A Leauki's Writings
Published on August 28, 2008 By Leauki In Biology

A lot has been made off the so-called controversy between Creationism and biology.

And ever interested in controversy I have decided to give an example of Intelligent Design.


When I entered the office this morning I noticed a strange construction (I thought), which looked like two rooms with double doors that opened when I pressed a button. The rooms were not immediately obvious to me since the doors failed to open until quite some time after I pressed what looked like the doorbell.

Since my desk is on the sixth floor I decided to press the button with the number 6. This room must be magic of some kind, or a very complex construction/design.

The room moved upwards, following a glass tunnel and the door finally opened again in the sixth floor and I wasn't far from my desk any more.

Through the room's glass walls I could see the atrium of the building as well as the internal balconies of the floors.

It was then obvious to me that both rooms (and the six others that looked like it) had been designed for a specific purpose in mind.


"Intelligent Design" is the idea that we can look at an object and from doing so learn who designed it and why.

In the case of this room, it was obvious that it was designed:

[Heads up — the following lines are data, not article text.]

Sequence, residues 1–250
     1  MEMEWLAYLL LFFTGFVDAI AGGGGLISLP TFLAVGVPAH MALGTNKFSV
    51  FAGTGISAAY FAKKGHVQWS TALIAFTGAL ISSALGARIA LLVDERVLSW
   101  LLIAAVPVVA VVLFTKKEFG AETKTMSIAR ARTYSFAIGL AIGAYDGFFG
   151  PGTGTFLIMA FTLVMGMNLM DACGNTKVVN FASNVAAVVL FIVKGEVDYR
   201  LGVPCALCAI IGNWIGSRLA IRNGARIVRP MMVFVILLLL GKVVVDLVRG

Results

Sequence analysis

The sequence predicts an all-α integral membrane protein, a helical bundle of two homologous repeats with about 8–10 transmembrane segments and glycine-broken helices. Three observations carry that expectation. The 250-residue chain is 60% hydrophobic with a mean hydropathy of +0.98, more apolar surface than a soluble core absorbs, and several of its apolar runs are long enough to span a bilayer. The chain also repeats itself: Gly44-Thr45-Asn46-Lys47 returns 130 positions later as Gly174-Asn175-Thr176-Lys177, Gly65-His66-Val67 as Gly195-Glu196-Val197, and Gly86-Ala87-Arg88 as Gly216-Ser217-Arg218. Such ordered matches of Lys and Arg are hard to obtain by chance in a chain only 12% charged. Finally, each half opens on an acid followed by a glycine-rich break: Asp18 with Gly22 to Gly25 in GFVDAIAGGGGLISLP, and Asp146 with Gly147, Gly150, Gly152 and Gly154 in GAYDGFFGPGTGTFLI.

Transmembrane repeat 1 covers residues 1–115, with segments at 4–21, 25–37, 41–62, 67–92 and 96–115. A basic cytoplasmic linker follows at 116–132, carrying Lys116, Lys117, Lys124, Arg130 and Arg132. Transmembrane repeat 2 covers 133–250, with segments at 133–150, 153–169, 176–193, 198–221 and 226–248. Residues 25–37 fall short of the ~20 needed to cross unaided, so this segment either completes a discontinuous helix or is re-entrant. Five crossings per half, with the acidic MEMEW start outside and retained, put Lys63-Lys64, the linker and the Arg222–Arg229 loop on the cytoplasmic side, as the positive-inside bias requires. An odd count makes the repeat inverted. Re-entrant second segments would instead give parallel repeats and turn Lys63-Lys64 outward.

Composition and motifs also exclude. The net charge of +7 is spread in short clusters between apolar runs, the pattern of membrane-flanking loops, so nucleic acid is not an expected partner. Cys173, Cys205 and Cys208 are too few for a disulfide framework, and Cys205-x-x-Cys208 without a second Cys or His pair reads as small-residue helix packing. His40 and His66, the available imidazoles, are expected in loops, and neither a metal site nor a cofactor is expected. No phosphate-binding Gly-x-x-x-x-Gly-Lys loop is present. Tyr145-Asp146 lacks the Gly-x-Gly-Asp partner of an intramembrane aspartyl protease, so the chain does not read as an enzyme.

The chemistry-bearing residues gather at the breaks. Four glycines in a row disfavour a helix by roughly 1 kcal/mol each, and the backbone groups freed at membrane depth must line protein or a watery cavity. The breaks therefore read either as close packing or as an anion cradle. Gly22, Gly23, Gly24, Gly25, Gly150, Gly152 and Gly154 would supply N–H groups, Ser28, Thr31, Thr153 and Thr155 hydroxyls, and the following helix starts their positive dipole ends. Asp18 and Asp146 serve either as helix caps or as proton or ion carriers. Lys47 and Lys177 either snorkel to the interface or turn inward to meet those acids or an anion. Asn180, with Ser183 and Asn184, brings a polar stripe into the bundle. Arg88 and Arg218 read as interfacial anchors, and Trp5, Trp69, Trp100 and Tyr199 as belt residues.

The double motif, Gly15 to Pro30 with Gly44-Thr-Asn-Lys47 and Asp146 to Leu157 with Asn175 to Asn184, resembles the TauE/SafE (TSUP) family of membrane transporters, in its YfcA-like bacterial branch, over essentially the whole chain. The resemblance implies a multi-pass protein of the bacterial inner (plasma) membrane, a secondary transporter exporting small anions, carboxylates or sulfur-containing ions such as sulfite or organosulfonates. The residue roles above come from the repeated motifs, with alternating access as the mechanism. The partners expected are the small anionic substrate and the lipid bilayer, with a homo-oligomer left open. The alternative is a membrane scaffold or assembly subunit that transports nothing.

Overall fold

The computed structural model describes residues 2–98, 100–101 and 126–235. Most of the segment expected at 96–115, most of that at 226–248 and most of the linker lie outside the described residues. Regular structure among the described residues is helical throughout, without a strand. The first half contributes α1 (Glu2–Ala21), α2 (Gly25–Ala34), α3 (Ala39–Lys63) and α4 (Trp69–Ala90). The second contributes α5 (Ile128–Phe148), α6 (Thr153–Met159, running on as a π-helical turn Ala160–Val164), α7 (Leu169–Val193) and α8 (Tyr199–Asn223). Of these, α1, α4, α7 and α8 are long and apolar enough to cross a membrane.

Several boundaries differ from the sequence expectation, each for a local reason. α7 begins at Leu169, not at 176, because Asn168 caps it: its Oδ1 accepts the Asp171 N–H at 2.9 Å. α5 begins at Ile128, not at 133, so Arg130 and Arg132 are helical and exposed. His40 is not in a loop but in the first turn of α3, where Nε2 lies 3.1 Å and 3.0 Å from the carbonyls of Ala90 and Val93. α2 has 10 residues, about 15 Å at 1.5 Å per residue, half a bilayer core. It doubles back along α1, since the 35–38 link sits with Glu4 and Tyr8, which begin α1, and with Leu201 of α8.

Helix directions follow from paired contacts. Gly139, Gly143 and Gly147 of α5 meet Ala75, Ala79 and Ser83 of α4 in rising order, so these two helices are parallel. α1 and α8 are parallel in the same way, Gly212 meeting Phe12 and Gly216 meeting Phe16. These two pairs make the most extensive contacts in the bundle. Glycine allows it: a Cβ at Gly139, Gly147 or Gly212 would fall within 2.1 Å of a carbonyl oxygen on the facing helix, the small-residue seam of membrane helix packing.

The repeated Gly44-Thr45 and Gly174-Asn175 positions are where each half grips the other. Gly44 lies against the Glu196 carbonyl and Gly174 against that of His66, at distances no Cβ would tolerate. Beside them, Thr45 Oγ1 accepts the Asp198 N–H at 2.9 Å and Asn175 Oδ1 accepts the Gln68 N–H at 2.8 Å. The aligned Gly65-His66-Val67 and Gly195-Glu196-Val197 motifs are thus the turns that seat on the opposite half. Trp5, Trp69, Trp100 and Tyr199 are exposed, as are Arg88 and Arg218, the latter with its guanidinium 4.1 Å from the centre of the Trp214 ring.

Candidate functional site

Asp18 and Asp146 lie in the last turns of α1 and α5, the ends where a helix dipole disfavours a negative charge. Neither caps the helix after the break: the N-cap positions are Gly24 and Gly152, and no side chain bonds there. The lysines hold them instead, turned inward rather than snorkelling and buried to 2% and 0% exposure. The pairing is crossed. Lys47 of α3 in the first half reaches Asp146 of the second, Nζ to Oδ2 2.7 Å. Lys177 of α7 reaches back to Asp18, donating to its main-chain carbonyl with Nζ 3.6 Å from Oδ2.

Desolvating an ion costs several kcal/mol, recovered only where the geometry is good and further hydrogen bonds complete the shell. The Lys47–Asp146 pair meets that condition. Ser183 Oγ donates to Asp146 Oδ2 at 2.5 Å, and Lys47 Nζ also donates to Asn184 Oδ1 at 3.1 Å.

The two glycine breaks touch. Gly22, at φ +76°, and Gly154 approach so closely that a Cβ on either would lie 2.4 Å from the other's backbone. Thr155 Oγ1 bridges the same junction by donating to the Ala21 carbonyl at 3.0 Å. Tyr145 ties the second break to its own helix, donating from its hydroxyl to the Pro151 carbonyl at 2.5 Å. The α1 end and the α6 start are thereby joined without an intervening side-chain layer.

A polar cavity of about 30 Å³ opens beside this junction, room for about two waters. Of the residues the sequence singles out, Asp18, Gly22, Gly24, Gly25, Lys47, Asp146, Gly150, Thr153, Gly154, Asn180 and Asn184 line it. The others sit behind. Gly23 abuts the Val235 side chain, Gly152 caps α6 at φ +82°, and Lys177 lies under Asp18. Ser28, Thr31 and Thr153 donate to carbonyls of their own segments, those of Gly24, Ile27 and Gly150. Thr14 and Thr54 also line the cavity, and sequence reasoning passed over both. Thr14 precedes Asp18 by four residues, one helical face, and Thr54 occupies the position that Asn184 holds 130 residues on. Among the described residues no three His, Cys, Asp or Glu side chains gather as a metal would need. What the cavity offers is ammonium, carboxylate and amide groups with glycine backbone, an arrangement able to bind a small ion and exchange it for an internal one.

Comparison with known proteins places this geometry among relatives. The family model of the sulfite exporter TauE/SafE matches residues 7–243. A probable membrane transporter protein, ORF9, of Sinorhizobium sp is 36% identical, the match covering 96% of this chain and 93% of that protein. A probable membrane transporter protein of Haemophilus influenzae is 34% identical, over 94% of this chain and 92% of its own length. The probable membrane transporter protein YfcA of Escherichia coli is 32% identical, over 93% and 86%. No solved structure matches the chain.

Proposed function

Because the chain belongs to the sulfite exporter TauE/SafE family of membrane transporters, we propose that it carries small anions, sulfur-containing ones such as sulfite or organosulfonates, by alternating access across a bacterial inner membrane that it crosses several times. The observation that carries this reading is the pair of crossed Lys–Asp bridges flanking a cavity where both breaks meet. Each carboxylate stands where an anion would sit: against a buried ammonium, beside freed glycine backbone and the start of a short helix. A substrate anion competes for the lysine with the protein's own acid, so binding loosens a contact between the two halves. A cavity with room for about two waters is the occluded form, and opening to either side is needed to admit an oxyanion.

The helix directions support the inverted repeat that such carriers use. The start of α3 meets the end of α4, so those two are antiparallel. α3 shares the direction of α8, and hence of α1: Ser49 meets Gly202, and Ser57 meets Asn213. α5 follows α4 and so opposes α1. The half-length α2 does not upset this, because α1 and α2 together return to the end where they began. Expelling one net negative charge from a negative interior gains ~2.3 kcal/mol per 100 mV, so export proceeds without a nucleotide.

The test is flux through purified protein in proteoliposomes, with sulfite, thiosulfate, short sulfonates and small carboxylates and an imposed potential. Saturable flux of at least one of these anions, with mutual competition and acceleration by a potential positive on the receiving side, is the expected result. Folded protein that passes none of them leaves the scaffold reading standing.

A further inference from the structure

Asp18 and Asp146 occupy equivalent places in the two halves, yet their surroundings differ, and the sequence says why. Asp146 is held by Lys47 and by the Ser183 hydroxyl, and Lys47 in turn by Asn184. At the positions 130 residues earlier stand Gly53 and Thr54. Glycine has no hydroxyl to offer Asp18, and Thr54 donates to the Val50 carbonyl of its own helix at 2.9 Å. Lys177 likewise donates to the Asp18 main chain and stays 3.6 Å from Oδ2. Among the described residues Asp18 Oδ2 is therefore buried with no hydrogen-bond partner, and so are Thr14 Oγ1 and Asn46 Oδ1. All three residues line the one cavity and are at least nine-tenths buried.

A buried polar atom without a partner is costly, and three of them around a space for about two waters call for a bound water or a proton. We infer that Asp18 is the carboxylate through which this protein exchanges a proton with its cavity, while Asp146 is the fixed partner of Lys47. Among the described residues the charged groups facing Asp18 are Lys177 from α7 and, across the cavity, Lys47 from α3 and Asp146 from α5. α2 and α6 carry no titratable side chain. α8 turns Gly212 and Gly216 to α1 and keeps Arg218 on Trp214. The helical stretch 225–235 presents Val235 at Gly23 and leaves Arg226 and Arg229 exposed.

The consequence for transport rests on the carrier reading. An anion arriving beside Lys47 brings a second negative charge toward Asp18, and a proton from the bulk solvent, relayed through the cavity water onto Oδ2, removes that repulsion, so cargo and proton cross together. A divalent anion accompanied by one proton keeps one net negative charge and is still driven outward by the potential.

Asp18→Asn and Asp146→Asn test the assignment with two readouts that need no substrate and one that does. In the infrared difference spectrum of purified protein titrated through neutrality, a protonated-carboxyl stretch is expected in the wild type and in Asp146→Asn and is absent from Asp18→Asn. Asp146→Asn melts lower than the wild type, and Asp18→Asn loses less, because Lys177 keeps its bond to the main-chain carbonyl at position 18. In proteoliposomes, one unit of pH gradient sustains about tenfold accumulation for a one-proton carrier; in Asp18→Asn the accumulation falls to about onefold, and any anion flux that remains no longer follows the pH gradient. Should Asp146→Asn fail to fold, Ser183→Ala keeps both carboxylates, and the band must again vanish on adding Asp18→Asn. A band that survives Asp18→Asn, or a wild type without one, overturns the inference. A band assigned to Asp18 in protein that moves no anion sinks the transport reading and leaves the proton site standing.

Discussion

1. All the corners were (rounded) corners and perfectly symmetrical. No random chance incident would produce such a room.

2. The room contained exactly the number of buttons needed (one for each floor, one for alarm, two for door open and close).

3. The glass walls were obviously made so that users of the room could look outwards. (Similarly sized rooms elsewhere in the building have been designed without glass walls so that people cannot look through them.)

4. There was exactly one display in the room, indicating the floor the room currently connected to and an arrow pointing up or down.


No way was that room created by random chance.

The rooms had very obviously been designed and the design had a purpose too. The purpose must have been to transport people from floor to floor.


It occurred to me that in order for my hypothesis to become a theory it would have to be falsifiable. So let's assume that instead of Intelligent Design I believe that evolution created the rooms. Here's a list of things the finding of which would support the idea that evolution rather than Intelligent Design created the rooms:

1. The corners would be rounder and not perfectly symmetrical. (In fact the corners are really perfectly symmetrical. I measured them in two of the rooms.)